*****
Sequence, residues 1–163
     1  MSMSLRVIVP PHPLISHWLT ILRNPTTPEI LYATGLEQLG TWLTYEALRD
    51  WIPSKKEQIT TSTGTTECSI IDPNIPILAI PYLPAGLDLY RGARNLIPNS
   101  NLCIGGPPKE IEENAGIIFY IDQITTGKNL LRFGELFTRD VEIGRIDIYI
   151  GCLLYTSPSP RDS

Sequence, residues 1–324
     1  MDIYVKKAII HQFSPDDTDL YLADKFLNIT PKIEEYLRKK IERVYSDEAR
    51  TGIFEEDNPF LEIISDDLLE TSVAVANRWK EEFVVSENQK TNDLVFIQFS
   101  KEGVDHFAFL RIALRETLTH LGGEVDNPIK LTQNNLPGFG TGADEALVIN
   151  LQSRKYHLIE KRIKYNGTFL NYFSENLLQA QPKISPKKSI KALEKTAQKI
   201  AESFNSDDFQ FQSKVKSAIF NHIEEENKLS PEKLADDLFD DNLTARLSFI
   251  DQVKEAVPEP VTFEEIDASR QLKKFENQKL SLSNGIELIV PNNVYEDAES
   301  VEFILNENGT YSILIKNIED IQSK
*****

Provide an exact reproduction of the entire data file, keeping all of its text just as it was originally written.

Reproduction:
Sequence, residues 1–163
     1  MSMSLRVIVP PHPLISHWLT ILRNPTTPEI LYATGLEQLG TWLTYEALRD
    51  WIPSKKEQIT TSTGTTECSI IDPNIPILAI PYLPAGLDLY RGARNLIPNS
   101  NLCIGGPPKE IEENAGIIFY IDQITTGKNL LRFGELFTRD VEIGRIDIYI
   151  GCLLYTSPSP RDS

Sequence, residues 1–324
     1  MDIYVKKAII HQFSPDDTDL YLADKFLNIT PKIEEYLRKK IERVYSDEAR
    51  TGIFEEDNPF LEIISDDLLE TSVAVANRWK EEFVVSENQK TNDLVFIQFS
   101  KEGVDHFAFL RIALRETLTH LGGEVDNPIK LTQNNLPGFG TGADEALVIN
   151  LQSRKYHLIE KRIKYNGTFL NYFSENLLQA QPKISPKKSI KALEKTAQKI
   201  AESFNSDDFQ FQSKVKSAIF NHIEEENKLS PEKLADDLFD DNLTARLSFI
   251  DQVKEAVPEP VTFEEIDASR QLKKFENQKL SLSNGIELIV PNNVYEDAES
   301  VEFILNENGT YSILIKNIED IQSK